El malo, Fania, 1968.
Cosa nuestra, Fania, 1971.
Crime Pays, Fania, 1973.
The Good, The Bad, The Ugly, Fania, 1976.
Siembra, Fania, 1978.
Solo, Fania, 1979.
Fantasmas, Fania, 1981.
Criollos, RCA, 1984.
Altos secretos, Fania, 1989.
Grandes exitos, Fania, 1992.
Super exitos, Fania, 1992.
The Best, Sony Discos, 1992.
Best, Vol. 2, Sony, 1994.
Brillantes, Sony, 1996.
Best, Fania, 1996.
20th Anniversary, Sony Discos, 1999.
Colleción de Oro, Sony, 2002.
Boston Globe, September 21, 1990, p. Arts & Film-48; June 17, 1993, p. Calendar-9.
Daily News (New York), October 22, 1999, p. 4.
Houston Chronicle, June 27, 1993, p. Zest-7; June 17, 1996, p. Houston-4.
Los Angeles Times, November 12, 2002, p. Calendar-8.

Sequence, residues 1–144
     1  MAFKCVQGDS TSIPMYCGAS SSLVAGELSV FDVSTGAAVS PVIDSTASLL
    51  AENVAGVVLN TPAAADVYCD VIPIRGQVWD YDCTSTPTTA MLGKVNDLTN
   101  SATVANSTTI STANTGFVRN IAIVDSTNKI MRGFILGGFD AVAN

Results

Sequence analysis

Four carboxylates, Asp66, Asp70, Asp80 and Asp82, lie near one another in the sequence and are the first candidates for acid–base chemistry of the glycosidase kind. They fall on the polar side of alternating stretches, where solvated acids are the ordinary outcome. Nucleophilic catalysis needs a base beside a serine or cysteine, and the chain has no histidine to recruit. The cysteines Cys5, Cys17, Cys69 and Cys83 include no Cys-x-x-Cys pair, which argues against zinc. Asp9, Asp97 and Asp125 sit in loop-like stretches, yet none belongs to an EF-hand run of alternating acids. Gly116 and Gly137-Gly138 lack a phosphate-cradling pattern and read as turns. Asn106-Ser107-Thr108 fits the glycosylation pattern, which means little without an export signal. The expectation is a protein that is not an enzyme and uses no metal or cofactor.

New York Times, June 25, 1994, Section 1, p. 25; September 29, 2001, p. D2.
"Willie Colón," All Music Guide, www.allmusic.com (March 26, 2003).
"Willie Colón," Lycos.com, www.music.lycos.com (March 26, 2003).
"Willie Colón - Biography," Willie Colón Homepage, www.williecolon.com/bio.htm (March 26, 2003).
—James M. Manheim
"Colón, Willie: 1950—." Contemporary Hispanic Biography. . Encyclopedia.com. (October 13, 2017). http://www.encyclopedia.com/education/news-wires-white-papers-and-books/colon-willie-1950
"Colón, Willie: 1950—." Contemporary Hispanic Biography. . Retrieved October 13, 2017 from Encyclopedia.com: http://www.encyclopedia.com/education/news-wires-white-papers-and-books/colon-willie-1950